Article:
During this same period, Georgiou begins to experiment with other related forms of expression. On occasions, the use of colour film is evident. If somewhat limited in number, his first colour photographs, neglected even by Georgiou himself, provide an indication of his later move towards a clearer artistic tone in his photographs. Besides his studied balance of colour and form, those first, truly realistic colour photographs present a Thessaloniki free from the nostalgic recollections often suggested by black and white photographs.

In addition to the use of both black and white and colour film, Georgiou continually changes his photographic viewpoint. The snapshot approach, which has already provided interesting samples of classic humanistic street photography, merges with a frontal and often typological depiction. Increasingly austere and less provocative, Georgiou’s viewpoint becomes more mature, and he creates images of the city based on a deeper concern for the study of space and for suggestive commentary. One exceptional example of this is the photographic juxtaposition of the two facing Art Nouveau-style doorways in the centre of the city (p. >>).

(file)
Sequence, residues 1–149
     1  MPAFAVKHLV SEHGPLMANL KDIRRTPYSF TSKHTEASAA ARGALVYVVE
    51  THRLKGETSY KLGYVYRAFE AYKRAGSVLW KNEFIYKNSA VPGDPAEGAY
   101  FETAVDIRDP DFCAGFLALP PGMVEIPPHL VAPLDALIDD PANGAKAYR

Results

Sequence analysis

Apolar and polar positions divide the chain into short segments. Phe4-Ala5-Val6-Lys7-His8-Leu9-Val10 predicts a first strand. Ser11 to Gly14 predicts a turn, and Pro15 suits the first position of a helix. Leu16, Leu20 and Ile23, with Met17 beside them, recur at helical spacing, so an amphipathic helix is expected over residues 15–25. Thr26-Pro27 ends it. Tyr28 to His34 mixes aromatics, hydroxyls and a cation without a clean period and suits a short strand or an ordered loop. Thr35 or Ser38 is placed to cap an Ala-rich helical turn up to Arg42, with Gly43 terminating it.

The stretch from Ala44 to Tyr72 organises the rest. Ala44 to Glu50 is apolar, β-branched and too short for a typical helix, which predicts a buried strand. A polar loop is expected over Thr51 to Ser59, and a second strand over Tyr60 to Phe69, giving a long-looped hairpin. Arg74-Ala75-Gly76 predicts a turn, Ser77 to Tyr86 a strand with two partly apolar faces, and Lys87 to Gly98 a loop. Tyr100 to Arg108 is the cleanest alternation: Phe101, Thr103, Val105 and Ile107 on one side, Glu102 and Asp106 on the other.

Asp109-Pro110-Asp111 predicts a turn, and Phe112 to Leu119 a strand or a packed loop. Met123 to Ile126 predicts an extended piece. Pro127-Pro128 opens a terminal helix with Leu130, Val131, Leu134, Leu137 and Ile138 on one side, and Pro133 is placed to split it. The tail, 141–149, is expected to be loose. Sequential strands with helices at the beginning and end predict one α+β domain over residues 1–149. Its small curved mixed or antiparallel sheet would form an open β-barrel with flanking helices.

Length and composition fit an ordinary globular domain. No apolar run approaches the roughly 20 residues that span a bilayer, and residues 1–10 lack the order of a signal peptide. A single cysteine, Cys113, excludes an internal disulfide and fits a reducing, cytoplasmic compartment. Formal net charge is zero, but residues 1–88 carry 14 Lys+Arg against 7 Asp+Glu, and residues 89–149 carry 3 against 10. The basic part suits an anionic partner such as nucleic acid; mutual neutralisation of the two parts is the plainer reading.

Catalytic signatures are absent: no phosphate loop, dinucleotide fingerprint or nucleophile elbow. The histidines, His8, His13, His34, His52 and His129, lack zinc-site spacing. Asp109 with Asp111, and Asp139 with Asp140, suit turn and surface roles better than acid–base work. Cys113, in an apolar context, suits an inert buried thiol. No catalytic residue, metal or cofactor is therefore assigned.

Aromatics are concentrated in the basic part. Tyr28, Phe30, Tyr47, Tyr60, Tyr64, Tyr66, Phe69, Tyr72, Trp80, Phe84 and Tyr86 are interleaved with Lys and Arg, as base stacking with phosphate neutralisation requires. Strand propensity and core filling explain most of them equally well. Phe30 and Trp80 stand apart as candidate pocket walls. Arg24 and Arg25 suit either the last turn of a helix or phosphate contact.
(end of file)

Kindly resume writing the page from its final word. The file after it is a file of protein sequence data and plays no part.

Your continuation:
As the 1970’s draw to a close, Aris Georgiou first begins to methodically photograph subjects of clearly-defined content and certain aesthetics. In particular, two of his photographic projects, later displayed in respective exhibitions, constitute a key stage not only in his own artistic evolution but also for the city.